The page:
Friday, April 20, 2007


A third possibility of foodpairing what Francois Benzi of Firmenich was telling, is replacing food like herbs and spices by other herbs or spices. An example is basil. Suppose you want to make a tomato sauce with basil, but the basil is too volatile or browns too fast.
If you want a basil flavour, but not using basil, you have to look at the flavour composition of basil and try to reconstruct the basil flavour by combining other herbs.
To find the flavour composition you can use the book of Harold McGee (On Food and Cooking: The Science and Lore of the Kitchen) and go to the chapter dealing with herbs and spices. There you will find a list of herbs with the typical flavour components.
If we do this for basil we find in the list that basil contains linalool, estragol and eugenol. Then you use the same list to search for other herbs that contain the flavour. So search for in which other herbs do I find linalool or estagol or eugenol.

Linalool is present is a lot of herbs/ spices, but most linked to coriander. For estragol you can take tarragon, chervil or star anise. And eugenol is the typical flavour of cloves. So if you want to replace basil, you have to make a combination of coriander, star anise and cloves. Take in account that the quantity is very important, so you need to experiment before.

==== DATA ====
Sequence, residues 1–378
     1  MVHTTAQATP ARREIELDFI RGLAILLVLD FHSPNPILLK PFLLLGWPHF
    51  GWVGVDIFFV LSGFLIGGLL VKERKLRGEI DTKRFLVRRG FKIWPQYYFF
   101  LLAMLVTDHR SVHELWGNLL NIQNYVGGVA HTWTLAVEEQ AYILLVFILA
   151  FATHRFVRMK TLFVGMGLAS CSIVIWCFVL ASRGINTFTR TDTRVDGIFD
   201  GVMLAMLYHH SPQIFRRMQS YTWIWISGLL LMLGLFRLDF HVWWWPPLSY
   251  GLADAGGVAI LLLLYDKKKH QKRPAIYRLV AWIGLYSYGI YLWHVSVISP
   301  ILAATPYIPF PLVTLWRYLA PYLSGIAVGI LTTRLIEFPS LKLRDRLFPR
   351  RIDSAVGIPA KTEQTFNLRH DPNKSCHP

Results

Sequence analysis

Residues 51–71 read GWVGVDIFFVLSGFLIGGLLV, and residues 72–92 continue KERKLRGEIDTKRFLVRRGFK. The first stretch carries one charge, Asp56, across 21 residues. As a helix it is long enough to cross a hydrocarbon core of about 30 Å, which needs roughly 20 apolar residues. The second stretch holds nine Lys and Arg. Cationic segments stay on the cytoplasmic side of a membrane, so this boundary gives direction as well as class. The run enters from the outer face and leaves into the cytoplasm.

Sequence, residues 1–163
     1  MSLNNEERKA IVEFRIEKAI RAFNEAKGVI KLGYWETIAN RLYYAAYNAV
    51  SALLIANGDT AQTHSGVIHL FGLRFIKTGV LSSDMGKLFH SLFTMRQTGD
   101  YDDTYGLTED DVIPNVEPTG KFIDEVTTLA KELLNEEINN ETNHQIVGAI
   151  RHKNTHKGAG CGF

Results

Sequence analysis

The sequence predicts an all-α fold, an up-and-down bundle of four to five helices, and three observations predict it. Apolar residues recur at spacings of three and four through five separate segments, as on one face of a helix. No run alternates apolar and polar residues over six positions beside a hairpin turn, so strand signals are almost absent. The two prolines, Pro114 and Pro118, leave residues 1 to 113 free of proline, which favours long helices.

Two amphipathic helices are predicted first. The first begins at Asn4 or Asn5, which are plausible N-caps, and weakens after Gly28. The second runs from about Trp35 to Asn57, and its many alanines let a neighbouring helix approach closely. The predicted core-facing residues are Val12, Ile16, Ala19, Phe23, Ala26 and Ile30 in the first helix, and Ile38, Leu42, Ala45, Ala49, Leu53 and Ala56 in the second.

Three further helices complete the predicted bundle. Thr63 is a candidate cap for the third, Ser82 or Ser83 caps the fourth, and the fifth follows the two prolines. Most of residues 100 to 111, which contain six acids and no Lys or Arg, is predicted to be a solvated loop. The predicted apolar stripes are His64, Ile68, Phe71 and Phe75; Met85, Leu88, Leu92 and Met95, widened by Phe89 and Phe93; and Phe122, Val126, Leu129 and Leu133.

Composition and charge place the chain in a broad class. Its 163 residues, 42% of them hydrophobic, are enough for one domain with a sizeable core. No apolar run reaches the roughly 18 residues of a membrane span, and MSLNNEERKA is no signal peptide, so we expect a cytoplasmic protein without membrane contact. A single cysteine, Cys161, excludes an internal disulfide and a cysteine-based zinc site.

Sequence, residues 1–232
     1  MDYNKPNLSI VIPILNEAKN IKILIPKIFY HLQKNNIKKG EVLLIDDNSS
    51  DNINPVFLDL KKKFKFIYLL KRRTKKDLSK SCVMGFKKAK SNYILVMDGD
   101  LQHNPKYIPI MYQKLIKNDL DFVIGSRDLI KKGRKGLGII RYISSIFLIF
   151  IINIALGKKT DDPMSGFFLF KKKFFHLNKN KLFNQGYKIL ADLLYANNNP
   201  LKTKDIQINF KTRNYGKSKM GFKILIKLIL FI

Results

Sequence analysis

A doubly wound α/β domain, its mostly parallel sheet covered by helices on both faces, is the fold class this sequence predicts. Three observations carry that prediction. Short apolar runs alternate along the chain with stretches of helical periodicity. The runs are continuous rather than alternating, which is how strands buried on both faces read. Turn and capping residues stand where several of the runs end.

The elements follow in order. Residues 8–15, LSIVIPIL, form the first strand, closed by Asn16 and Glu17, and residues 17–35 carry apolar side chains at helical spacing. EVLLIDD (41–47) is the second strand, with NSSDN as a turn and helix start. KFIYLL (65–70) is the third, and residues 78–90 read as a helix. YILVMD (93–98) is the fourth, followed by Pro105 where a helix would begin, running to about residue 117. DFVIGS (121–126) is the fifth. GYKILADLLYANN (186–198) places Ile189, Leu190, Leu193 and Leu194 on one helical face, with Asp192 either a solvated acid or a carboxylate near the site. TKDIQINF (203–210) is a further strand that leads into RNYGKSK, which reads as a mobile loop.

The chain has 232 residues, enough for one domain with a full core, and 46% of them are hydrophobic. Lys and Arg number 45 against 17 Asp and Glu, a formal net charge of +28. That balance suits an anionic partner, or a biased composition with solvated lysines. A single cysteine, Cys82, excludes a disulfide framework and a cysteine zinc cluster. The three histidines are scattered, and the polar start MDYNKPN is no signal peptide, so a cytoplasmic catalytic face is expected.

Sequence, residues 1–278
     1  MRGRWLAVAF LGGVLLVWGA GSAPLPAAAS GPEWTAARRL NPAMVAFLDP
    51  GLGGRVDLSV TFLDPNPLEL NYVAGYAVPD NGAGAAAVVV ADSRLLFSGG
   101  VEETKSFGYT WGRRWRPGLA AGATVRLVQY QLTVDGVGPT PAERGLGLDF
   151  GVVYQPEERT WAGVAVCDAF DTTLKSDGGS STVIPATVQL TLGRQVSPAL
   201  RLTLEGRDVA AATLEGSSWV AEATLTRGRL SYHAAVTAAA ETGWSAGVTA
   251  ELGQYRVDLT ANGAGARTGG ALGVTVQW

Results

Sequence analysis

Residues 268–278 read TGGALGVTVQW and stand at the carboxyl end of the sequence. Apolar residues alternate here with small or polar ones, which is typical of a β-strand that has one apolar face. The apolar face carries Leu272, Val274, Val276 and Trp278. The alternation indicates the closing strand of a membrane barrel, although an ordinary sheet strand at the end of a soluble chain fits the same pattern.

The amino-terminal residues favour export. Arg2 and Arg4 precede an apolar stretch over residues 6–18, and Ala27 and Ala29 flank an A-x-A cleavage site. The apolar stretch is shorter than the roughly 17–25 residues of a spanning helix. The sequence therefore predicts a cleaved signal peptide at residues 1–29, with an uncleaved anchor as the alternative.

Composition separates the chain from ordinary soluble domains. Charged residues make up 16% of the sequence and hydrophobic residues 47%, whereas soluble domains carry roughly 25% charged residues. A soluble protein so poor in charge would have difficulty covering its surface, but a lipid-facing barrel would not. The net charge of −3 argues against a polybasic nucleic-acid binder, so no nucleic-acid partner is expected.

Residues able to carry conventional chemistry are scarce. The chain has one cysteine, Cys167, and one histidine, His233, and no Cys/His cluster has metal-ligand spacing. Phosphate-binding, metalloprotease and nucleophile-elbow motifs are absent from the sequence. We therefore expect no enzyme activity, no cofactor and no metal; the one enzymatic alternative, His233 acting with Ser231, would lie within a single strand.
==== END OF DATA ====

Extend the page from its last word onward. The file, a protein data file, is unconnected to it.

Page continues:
Another example is what Kevin Ryan is doing. In attachment you can find a link to a movie of this food scientist. Because of the resemblence of flavour molecules in stock and coffee. He is replacing stock with coffee (much easier to make) for making a gravy. So next time you make a gravy replace stock by fresh coffee.

People interested to do something with foodpairing, Martin Lersch from Khymos has post a blogproject where you can make a recipe by combining chocolate, coffee and garlic. To know more about this combination look to our post Foodpairing part II.

Foodpairing part IV will come up with some new foodpairing by belgian topchefs

[+ On Food and Cooking]
[+ Firmenich]
[+ Khymos TGRWT]

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Blogger Martin Lersch said...


This is absolutely brilliant! Looking forward to more posts and the site you plan to launch on flavour pairing!


5:32 PM  

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